Microsoft (Nasdaq: MSFT) beat the consensus profit forecast and met its own revenue guidance in the fourth quarter, and expects slightly higher revenue and earnings in the first quarter.
After market close Tuesday, the Redmond, Wash.-based software giant posted fiscal fourth quarter net income of $2.41 billion, or 44 cents per share. First Call's survey of 25 analysts predicted a profit of 42 cents per share for the quarter ended June 30.
Fourth quarter revenue increased to $5.8 billion, a marginal improvement from $5.76 billion in the comparable period a year ago. Microsoft had previously said it expected essentially flat revenue growth in the fourth quarter, because of slow demand for business PCs, a decline in business among small builders of PC systems, and a difficult comparison with last year's fourth quarter, when the company launched Office 2000.
"We are satisfied with this quarter's financial performance," CFO John Connors said, during an afternoon conference call with analysts.
Don't look for much stronger growth in the first quarter of fiscal 2001, Connors said.
Microsoft currently expects first quarter revenue growing 5 percent from a year earlier, and falling 3 percent from the fourth quarter because of the historically slower summer season. The company currently doesn't see business PC demand recovering until the second quarter, though it could happen at the end of the first, Connors said, during an afternoon conference call.
Several months of sustained growth for business PCs and small builders of systems is needed before Microsoft's desktop PC business returns to higher growth rates, Connors said. Business PC sales in the fourth quarter rose in the single digits, better than the previous quarter, "but still a drag on our business," he said.
Earnings per share in the first quarter should rise 3 cents from the comparable period a year earlier, Connors said. That projection excludes the effect of a 2 cents per share gain from the sale of the Sidewalk local Web content business last year.
Microsoft earned 38 cents per share in the first quarter of fiscal 2000.
Windows platform revenue in the fourth quarter rose 5.7 percent year-over-year, to $2.37 billion from $2.25 billion. But sales from productivity applications and developer tools fell 9.9 percent over the same period, to $2.64 billion from $2.93 billion.
Unlike the fourth quarter of fiscal 2000, which saw the launch of Office 2000, the latest quarter completed saw no major applications introduced. Excluding last year's effects of Office 2000 coupon redemptions and a one-time reduction in estimated product returns, Microsoft's revenue increased 9 percent year-over-year, Connors said.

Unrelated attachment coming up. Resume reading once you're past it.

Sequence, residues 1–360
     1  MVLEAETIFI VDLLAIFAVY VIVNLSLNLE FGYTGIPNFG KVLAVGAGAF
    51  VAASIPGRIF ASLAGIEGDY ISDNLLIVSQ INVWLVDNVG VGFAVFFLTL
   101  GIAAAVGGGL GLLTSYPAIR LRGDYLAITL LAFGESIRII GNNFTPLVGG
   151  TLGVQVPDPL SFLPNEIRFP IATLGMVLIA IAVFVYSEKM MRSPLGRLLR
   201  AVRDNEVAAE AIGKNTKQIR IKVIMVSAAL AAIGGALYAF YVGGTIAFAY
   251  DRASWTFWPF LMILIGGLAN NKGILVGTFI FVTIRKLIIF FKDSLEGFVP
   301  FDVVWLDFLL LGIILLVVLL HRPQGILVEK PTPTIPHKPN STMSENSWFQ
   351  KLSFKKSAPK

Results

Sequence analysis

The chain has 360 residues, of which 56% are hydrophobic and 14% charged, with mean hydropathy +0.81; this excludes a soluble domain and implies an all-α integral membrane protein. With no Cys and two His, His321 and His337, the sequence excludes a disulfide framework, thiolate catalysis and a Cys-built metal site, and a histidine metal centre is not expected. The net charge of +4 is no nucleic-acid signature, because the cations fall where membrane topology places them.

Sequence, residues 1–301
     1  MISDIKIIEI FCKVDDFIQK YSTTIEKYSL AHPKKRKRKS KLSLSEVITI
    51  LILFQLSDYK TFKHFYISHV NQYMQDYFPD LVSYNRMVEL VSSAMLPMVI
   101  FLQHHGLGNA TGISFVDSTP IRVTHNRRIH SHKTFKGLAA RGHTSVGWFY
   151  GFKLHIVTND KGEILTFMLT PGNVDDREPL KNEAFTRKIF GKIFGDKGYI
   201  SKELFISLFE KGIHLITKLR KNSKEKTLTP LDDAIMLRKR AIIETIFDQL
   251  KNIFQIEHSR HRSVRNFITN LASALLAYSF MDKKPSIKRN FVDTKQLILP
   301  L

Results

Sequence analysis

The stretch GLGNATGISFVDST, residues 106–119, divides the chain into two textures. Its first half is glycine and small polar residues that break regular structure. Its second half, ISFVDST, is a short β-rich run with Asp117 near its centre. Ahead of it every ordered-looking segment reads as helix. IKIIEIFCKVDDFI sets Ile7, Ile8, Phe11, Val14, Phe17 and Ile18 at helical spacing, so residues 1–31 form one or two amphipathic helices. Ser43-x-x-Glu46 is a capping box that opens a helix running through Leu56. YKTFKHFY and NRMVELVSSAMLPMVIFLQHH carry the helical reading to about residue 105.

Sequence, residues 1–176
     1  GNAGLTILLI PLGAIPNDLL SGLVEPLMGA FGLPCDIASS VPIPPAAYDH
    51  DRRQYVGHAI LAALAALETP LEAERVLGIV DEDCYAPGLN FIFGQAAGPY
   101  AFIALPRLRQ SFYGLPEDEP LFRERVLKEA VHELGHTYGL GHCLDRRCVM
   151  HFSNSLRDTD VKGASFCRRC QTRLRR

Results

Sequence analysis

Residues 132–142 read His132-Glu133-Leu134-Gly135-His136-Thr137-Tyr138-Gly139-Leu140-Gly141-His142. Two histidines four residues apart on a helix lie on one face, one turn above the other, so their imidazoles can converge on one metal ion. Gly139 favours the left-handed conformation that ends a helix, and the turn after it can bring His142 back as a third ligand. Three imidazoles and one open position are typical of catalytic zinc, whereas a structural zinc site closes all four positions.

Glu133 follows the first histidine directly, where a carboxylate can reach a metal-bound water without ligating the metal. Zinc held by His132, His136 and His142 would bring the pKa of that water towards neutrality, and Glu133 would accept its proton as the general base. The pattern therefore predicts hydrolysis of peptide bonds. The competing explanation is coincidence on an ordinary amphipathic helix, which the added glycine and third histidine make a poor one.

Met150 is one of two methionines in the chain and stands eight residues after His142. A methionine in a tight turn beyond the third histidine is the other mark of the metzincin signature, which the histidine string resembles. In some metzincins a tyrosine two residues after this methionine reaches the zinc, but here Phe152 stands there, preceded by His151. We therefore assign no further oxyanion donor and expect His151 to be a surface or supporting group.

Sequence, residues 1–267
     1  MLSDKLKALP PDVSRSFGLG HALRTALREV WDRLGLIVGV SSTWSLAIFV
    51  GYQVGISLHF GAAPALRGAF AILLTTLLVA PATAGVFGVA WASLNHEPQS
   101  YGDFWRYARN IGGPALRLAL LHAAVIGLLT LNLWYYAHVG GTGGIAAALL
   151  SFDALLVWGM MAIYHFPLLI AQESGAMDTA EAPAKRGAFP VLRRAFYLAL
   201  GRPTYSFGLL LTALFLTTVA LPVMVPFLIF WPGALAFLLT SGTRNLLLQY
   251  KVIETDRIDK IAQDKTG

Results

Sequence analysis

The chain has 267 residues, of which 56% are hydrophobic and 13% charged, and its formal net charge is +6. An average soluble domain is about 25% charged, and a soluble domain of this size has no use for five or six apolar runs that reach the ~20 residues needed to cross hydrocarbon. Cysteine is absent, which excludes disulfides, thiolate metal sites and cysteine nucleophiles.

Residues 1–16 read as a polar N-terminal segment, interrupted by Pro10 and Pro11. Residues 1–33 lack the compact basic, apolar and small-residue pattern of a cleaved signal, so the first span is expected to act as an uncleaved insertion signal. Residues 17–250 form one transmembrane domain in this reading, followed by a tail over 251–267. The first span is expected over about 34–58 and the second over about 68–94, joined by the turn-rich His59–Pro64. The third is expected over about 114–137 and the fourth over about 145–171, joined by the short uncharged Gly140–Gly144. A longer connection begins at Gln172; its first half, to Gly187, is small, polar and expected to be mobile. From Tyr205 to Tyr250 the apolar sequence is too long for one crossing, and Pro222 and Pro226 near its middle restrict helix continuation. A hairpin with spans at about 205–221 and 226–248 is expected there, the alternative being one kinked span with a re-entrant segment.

Prior to the earnings announcement, several Wall Street analysts had echoed the company's concerns that a slowdown in business PC sales could hurt Microsoft's revenue growth.
Consumer revenue increased to $796 million from $593 million.
"Although we remain guarded in the near term about business PC growth rates, we look forward to the tremendous opportunity in front of us with the Windows 2000 generation of server products," Connors said in a statement.
Among geographic areas, Asia led with 20.9 percent growth, to $689 million from $570 million. Revenue from Microsoft's South Pacific and Americas region slid 5.3 percent to $2.23 billion from $2.36 billion. Europe, Middle East and Africa revenue dipped 3.9 percent to $1.2 billion from $1.15 billion.
Sales related to original equipment manufacturers gained 5.6 percent to $1.73 billion from $1.63 billion.
Company executives were pleased with the growth of Microsoft's Internet businesses.
"We have grown the network considerably in all measurable respects, and most important, we have begun to monetize the assets," Connor said, adding that the company achieved its goal of generating more than $1 billion in annual revenue from Internet businesses.
The company reiterated its claim to have seized the traffic lead for Internet properties. The MSN network recorded 20 percent growth in average minutes of use per user, and 19 percent year-over-year growth in U.S. audience reach. The company's ISP, MSN Internet Access, now has 3 million members, a 20 percent improvement from a year earlier.
Those Internet units should see at least 50 percent year-over-year growth in the first quarter, with higher growth rates for the rest of the year, Connors said.
For the full fiscal 2000, Microsoft earned $9.42 billion, or $1.70 per share, on revenue of $22.96 billion. "We feel absolutely good about our full year fiscal 2000 results," Connors said.
Microsoft's expectations for the full fiscal 2001 remained essentially unchanged from the company's conference call in April. Connors reiterated his prediction of 15 percent revenue growth for the year and said analyst estimates "are about right" for the year.
First Call currently predicts a profit of $1.88 per share for Microsoft's full fiscal 2001.
The company expects adoption of Windows 2000 to increase as server applications are rolled out. The pending release of the first Windows 2000 service pack should also drive adoption, Connors said.
"We feel very good entering 2001," he said.>